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Tyre Recommendation
#1
Hi All,
I'm biking around europe on a Raleigh Pioneer (Hybrid) this summer. Current Tyres have worn out slightly which means I want a new pair. I'm looking for ideally a really quick tyre which won't puncture, I know that the two aren't usually very compatible so lets say speed is more important than puncture-proofing.
It's europe in the summer so I don't need the worlds greatest traction but I do need to be able to keep up with my friend riding a £500 giant road bike (tough believe me!)

so. any ideas? budget is about £30 tops. I'm looking on chain reaction cycles as they always have cheap stuff.
size is 700x28 i THINK, could be 25 will check.
TIA
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#2
hm. The fast(er) road tyres are usually 23-622 (they probably exceed your budget anyway) fastest are Conti GrandPrix 4000 S as tested by Tour-Magazin this year, they are also quite puncture resistant (for a racing tyre). I got a set for 45 EUR online. So yu might score a bargain somewhere. Check how wide your rims are, you might be able to mount those.

The lower (when compared to the flagships) level road tyres sometimes come in 25 or even 28 mm wide. I rode Schwalbe Blizzard (23mm) on my old road bike for a while, only one puncture per year, usually by large glass shards (>6mm long, needle shaped). They are slower and heavier since they have some puncture resistant guard inside (I think).

Another thing: in order to ride fast you have to be able to ride fast (be strong enough and have a good endurance) Wink tyres won't help all that much (well, about 2 minutes per 40km I believe).

Also: Since you plan to tour around Europe go for the more puncture resistant tyres. Nothing spoils the fun more than having to fix a flat in the rain....
Where are you going to go? Any plans so far? I can heartily recommend the Rhine valley between Koblenz and Mainz, especially if you enjoy drinking wine... Italy (Tuscany) is also great (except for the Italian car drivers, I'd say) but quite hot and dry during summer. The coast of the mediterranean sea is also very nice.
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#3
also, quick bit of help please.
On the sides of the existing tyre are the numbers: 37-622 followed by (700 x 35c) what do these mean? I assumed 700 is the diameter and 35 is tyre with, if that's the case what is 37-622 for?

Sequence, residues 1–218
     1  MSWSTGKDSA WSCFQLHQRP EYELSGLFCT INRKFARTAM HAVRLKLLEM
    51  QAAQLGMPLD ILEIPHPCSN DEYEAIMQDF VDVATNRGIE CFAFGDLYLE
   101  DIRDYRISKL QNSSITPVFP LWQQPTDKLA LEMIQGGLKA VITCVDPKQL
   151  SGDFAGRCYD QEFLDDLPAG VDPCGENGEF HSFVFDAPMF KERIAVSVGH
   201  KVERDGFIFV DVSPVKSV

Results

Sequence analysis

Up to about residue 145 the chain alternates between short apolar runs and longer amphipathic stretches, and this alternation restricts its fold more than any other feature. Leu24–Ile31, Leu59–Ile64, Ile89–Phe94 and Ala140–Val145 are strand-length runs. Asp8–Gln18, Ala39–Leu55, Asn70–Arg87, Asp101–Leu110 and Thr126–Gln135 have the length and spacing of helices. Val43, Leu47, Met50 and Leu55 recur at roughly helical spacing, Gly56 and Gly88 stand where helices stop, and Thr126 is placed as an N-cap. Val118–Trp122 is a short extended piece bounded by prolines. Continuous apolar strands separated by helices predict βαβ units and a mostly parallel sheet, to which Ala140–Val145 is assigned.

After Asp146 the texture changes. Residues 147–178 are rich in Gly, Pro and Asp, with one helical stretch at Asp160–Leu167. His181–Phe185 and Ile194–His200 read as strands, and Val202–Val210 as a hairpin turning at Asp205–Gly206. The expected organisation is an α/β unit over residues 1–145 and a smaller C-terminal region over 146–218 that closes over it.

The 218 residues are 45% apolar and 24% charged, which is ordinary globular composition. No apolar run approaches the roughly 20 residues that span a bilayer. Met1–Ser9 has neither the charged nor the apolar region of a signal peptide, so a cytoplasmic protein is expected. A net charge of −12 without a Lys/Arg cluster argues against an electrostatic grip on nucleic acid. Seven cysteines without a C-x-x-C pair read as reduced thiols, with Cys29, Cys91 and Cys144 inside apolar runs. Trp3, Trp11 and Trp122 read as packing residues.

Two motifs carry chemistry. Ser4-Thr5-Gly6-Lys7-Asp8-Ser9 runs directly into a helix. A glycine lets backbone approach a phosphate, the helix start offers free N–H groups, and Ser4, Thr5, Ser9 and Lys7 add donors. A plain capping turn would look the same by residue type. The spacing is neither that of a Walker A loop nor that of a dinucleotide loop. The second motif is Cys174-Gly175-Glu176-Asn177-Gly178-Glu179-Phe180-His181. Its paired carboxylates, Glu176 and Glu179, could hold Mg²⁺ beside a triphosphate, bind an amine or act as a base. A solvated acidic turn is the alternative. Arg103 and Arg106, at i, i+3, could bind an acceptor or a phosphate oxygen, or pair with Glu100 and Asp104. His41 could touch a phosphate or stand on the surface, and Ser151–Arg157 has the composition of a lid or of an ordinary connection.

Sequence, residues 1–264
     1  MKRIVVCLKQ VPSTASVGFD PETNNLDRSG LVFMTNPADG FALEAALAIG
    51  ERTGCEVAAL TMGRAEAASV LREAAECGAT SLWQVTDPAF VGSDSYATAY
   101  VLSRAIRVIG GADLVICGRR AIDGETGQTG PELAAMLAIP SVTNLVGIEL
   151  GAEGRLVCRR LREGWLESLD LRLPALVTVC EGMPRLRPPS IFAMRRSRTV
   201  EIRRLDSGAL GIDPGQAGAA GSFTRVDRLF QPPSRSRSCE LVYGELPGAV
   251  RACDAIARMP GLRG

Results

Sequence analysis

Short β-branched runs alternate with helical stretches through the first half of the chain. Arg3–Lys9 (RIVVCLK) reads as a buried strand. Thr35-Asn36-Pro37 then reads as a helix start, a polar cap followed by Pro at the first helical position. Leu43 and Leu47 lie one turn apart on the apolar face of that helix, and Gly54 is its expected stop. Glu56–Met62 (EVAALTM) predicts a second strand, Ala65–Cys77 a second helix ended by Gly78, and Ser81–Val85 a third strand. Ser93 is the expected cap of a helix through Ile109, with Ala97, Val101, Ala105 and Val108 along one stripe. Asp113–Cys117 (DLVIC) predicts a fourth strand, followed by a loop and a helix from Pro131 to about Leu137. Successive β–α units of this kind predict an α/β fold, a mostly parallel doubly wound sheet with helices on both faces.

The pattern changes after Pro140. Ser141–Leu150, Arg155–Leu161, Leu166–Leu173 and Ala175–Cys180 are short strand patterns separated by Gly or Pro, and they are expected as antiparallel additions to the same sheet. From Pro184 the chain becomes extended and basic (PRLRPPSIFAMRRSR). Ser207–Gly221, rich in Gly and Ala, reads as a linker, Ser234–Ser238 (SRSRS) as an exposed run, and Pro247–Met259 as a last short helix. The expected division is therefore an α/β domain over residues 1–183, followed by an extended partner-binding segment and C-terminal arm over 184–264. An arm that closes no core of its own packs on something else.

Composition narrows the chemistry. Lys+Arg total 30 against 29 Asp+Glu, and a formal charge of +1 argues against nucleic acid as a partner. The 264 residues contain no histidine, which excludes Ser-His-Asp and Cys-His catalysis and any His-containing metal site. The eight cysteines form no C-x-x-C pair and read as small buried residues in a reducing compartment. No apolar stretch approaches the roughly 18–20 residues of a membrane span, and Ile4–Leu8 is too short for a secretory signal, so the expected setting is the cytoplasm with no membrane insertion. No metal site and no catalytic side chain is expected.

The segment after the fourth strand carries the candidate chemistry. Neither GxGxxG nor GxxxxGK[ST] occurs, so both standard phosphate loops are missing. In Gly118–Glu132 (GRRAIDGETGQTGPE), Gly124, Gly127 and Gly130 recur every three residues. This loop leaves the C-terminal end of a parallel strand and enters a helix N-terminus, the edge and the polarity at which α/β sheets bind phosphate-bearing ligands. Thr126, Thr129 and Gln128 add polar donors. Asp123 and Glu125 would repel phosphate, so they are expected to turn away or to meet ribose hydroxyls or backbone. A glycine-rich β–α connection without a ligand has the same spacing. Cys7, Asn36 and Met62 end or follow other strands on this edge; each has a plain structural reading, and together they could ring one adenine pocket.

thanks for the advice will bear it in mind. Our route is roughly amsterdam - genieva (I can't spell - don't judge) I have no flexibility in terms of size.

What is the reputation of continental tyres?
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#4
Quote:also, quick bit of help please.
On the sides of the existing tyre are the numbers: 37-622 followed by (700 x 35c) what do these mean? I assumed 700 is the diameter and 35 is tyre with, if that's the case what is 37-622 for??

In short 700x35c is the French measurement, I believe it's the overall circumference of the tyre and it's width in milimeters. The ETRTO is a newer measurement system that is attempting to be more accurate and include all tyre sizes, rather than the patchy combination of imperial and French measurements. 37-622 is 37mm wide, 622mm inner diameter.

Take a look at Schwalbe's site: http://www.schwalbe.co.uk/shop.sfxp, it's worth having a look through their technical document. There's some information on the ETRTO system, rolling resistance, puncture protection, etc.
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#5
37 is also the width. I have seen that they differ once or twice, it (seems) to depend on the method of measuring the width. For more info look at http://www.sheldonbrown.com/tire-sizing.html

700 is the outer diameter (well, roughly...) in mm. This has nothing to do with imperial measures, the French have been using the metric system for quite a while....

You probably will not be able to mount a road cyle tyre on your bike. Some of the Schwalbe Marathons are ok, also the Racing Ralph and Cx-Pro. I saw a test that the MTB tyres were actually faster on-road and offroad than the hybrid good for neither Marathons, but that was some years ago. On-road you'll only need slicks, profile will not do any good. Since your friend is riding a road bike: check out the Schwalbe Kojack (I think it is called).

Continental has (in my opinion) quite a good reputation, as mentioned they produce one of the best clinchers on the market. Schwalbe is also a very good company.

Amsterdam - Geneve should take you (probably) along the Rhine valley (well, one possible route)
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#6
I just put Michelin City's on my Raliegh Hybrid, major improvement in rolling resistance over the OEM's. mainly due to the 87psi versus 65psi. They are tough tires, so punctures would be a minor issue with them.

I would suggest looking for 700 x 28 tires with a maximum pressure rating of 87 psi (6 Bar). The Michelin City is but one choice.
Nigel
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